Conservation: Widespread throughout forests and woodlands of sub-Saharan Africa, but rare and poorly known throughout its range (Simmons 2005). It is unobtrusive and probably under-recorded. This species has suffered from habitat loss and degradation of woodlands, especially miombo (Brachystegia) forest (Jenkins 1997), and it is regularly shot for killing homing pigeons and other domestic birds (Hartley and Mundy 2003, Jenkins op cit.). It is categorized globally as a species of "Least Concern" by BirdLife International, with a note that the population is "suspected to be stable in the absence of evidence for any declines or substantial threats." However, more focused surveys may reveal that this species is Near Threatened globally, as is the case presently in southern Africa (Simmons 2005). more....

Population Estimates: Ferguson-Lees and Christie (2001) placed the total population (defined as the number of adults and immatures at the start of the breeding season) in the range of 1,000 to 10,000 birds, but they also commented that the total population seems unlikely to exceed thousands. BirdLife International (2009) estimated that there are from 1,000 to 10,000 adults, but emphasized that the supporting data are poor. Brown et al. (1982) estimated the population in southern Africa at less than 1,000 birds. more....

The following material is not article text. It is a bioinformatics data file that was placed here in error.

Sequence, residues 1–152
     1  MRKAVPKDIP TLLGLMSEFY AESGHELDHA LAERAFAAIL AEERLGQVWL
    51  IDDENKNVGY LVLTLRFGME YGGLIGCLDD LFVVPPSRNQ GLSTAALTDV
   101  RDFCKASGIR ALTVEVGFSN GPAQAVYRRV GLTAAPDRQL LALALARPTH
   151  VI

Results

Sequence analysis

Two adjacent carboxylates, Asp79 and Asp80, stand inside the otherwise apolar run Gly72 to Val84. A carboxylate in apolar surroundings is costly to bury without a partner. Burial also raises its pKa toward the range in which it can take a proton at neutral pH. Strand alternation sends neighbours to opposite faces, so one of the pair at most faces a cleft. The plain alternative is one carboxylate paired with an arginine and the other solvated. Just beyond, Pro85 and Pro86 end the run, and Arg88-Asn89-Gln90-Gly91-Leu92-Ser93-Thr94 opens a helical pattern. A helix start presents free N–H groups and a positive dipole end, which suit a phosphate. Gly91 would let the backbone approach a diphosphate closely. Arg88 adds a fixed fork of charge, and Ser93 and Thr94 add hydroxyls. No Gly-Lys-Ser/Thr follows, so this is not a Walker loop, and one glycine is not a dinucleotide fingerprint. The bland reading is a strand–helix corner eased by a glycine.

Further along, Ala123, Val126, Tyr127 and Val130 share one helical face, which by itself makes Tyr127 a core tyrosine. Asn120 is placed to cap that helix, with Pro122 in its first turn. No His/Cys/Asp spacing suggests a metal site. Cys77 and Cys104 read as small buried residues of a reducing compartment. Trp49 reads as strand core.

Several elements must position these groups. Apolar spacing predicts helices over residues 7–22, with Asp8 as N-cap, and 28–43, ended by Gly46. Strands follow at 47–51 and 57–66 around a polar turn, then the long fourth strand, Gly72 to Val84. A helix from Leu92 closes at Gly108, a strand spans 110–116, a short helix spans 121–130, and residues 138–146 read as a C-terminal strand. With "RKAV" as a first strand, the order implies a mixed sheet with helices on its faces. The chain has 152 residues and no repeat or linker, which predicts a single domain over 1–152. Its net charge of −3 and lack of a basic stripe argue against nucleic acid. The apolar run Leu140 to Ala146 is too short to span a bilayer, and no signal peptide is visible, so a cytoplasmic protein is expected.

Important References: 
Brown, L.H., E.K. Urban, and K. Newman. 1982. The birds of Africa. Vol. 1.
  Academic Press, London.
Ferguson-Lees, J., and D.A. Christie. 2001. Raptors of the world. Houghton
  Mifflin, Boston, MA.
Jenkins, A.R. 1997. Ayres's Eagle. P. 187 in J.A. Harrison et al. (eds.),
  The atlas of South African birds. Volume 1: Non-passerines. BirdLife South
  Africa and Avian Demography Unit, Johannesburg, South Africa.
Kemp, A.C. 1994. Ayres's Hawk-eagle. P. 200 in del Hoyo, J., A. Elliott,
  and J. Sargatal (eds). Handbook of birds of the world. Vol. 2. New World
  vultures to guineafowl. Lynx Edicions, Barcelona, Spain.
Simmons, R.E. 2005. Ayres's Hawk-Eagle Aquila ayresii. Pp. 534-535 in
  P.A.R. Hockey, W.R.J. Dean, and P.G. Ryan (eds.), Roberts Birds of Southern
  Africa. 7th ed. Trustees of the John Voelcker Bird Book Fund, Cape Town,
  South Africa.
Steyn, P. 1982. Birds of prey of southern Africa: their identification and
  life histories. David Phillip, Cape Town, South Africa.
Tarboton, W.R., and D.G. Allan. 1984. The status and conservation of birds
  of prey in the Transvaal. Transvaal Museum Monograph no. 3. Transvaal
  Museum, Pretoria, South Africa.

Sites of Interest:
Ayres's Hawk-eagle photos.

Deacon, Neil
Middleton, Angus
Steyn, Peter

Last modified: 10/13/2010

Recommended Citation: Global Raptor Information Network. 2020. Species account: Ayres's Hawk-eagle Aquila ayresii. Downloaded from http://www.globalraptors.org on 25 Sep. 2020